Pain is a sensation we desperately try to avoid, but sometimes our bodies do us no favors and make everyday activities unbearable. When the bones in our mouths are the ones to blame, professional oral surgeons in 76210 might recommend jaw surgery.
Facial trauma, TMJ disorder, sleep apnea, and an open bite are only some conditions that can land you in a dentist's chair for a corrective procedure. For better results and permanent improvements in your health and lifestyle, you can also follow after-surgery tips to take care of yourself at home.
Adventurous and unfortunate people can become perfect candidates for jaw surgery after they've faced facial trauma. Your face contains vessels, nerves, and bones, which are highly susceptible to fractures and cracks. If you've been a victim of a car or motorcycle accident, an animal bite, or a sports injury, your soft facial tissue will have likely suffered from severe damage. If your jawbone is hurt after trauma and left untreated, its functions can become permanently impaired, and its appearance can change forever.
You might have been lucky enough to avoid facial trauma, but that doesn't necessarily make you a stranger to jaw problems. Stress or teeth grinding can trigger TMJ disorder, a condition that affects the joint connecting your jaw to your skull. When you exert too much pressure on this tissue, the excruciating pain can give you headaches and hinder the way you eat and talk.
If these symptoms ring any bell, schedule an appointment with an oral surgeon and try soft and liquid foods to stop forcing your joints.
Another medical condition that may result in a perfect opportunity for jaw surgery is obstructive sleep apnea. This disorder results in more than just loud snores; it causes air blockages that momentarily stop your breathing. Not only does sleep apnea make you feel powerless and terrified, but it also limits the amount of oxygen that reaches your brain, producing long-term damage to your organs. Many people suffer from this disorder because they have misaligned or misshapen jaws, and corrective oral surgery might solve their problem.
When someone isn't lucky enough to have their upper and lower teeth aligned when they close their mouth, they have a condition known as malocclusion or open bite. When your smile looks like a slope because you sucked your thumb as a child or thrust your tongue against your teeth, you might have trouble chewing or uttering some sounds. Sometimes orthodontists can take care of this issue, but more often than not, jaw surgery is a more convenient solution.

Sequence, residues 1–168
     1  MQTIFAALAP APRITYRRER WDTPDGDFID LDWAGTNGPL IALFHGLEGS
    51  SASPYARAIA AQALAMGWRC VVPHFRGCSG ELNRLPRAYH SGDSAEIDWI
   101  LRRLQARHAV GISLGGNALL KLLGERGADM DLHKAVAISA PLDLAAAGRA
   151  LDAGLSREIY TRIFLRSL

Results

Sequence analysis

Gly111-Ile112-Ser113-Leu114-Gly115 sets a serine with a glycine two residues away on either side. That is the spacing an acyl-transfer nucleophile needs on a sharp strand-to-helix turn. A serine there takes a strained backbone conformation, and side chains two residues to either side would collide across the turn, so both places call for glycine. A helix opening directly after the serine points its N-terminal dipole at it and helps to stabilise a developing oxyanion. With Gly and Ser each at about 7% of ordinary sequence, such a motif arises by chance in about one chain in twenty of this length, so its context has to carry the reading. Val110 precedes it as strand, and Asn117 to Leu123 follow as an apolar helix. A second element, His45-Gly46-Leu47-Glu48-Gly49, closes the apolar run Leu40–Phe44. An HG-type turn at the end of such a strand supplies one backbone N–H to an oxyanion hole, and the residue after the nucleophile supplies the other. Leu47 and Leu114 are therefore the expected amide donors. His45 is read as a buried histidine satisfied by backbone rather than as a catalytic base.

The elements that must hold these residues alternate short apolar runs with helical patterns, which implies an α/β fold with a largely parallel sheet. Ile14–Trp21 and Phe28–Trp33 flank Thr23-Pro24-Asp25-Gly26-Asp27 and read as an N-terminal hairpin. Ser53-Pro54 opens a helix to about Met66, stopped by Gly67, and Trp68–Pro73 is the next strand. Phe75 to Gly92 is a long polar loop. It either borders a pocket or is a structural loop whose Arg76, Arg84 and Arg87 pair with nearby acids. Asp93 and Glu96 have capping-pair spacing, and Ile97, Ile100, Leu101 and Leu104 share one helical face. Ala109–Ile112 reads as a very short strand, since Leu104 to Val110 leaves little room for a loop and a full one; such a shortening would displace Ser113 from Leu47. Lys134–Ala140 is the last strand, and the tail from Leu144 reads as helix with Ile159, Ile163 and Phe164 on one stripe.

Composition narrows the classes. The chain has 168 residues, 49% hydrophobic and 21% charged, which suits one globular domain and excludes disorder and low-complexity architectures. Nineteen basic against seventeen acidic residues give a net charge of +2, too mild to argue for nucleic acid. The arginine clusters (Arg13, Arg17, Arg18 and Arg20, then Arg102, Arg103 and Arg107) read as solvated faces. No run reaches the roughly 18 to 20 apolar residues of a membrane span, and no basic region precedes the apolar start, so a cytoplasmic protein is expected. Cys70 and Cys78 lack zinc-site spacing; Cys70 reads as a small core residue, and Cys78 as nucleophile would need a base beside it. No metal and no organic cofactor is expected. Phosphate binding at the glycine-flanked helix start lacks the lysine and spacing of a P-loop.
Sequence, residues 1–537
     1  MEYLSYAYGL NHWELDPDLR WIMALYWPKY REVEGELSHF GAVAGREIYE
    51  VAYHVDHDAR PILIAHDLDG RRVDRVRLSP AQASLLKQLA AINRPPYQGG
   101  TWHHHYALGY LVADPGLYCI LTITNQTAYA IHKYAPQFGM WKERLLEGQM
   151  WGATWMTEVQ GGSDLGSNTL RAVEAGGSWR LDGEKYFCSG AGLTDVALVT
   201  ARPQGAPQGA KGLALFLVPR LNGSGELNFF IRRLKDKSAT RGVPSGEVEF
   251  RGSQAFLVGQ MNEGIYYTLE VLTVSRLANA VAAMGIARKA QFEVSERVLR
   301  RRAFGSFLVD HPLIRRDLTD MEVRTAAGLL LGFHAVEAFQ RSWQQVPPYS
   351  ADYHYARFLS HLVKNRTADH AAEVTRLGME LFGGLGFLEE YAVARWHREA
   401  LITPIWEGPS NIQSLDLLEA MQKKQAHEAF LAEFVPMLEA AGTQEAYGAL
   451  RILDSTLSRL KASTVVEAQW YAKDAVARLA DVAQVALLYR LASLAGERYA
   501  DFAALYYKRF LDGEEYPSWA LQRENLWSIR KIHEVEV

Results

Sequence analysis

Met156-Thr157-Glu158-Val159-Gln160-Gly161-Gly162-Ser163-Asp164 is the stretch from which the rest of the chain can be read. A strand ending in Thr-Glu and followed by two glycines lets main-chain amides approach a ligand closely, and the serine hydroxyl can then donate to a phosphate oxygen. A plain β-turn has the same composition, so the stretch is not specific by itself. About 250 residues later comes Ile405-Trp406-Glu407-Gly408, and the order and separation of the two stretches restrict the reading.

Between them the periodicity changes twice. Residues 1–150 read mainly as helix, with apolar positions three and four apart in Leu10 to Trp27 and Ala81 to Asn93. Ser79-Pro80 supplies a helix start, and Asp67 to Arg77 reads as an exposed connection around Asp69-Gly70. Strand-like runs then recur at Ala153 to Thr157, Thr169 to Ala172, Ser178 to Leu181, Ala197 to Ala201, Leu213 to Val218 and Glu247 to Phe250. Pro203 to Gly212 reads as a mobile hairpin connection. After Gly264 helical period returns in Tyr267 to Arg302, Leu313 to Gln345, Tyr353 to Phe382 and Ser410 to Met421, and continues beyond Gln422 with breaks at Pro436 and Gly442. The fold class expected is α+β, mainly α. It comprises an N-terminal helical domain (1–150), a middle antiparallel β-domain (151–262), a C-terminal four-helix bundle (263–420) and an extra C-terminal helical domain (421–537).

If you've undergone jaw surgery to get rid of some medical condition once and for all, you need to know which foods are friends and which are foes. Try to mash or liquify any meal, so you don't use your jaw, and avoid anything hard, chewy or chunky that can make you twitch in pain and slow your recovery process.
If possible, use a straw so food doesn't come into contact with your mouth, and you can keep chewing to a minimum. Chronic nail-biters should keep their hands away from their mouths since this bad habit forces your jaw and makes for a bitter experience.
Aside from discomfort, swelling is usually part of the aftermath of jaw surgery. Before undergoing treatment, buy ice bags and put them in the freezer, so they are ready for you to use when recovering. Bags of frozen foods will also do the trick, but clean them thoroughly before placing them over your cheek.
Don't put ice cubes inside your mouth or chew on them since this can hurt your teeth and cause bleeding and further swelling, making for an agonizing and slow-paced recovery.
Staying hydrated after surgery is always crucial to get rid of anesthesia and counteract the side effects of the procedure. Try only to drink water for at least 48 hours, and then slowly reincorporate soft drinks, such as natural juice or milk. Stay away from staining or sugary beverages, such as coffee or soda, since they can jeopardize your teeth and cause infections.
Your oral surgeon will always ask you to schedule a follow-up appointment to check if there've been any problems with your recovery and if you need further interventions. If you've been experiencing any weird symptoms after jaw surgery, such as constant bleeding or pain that doesn't go away with medication, book an emergency visit and prevent the issue from worsening.
Jaw surgery is the perfect fit for patients with facial trauma, TMJ disorder, sleep apnea, or an open bite. Our team of professional oral surgeons can relieve your jaw pain forever, so call us today to get an appointment!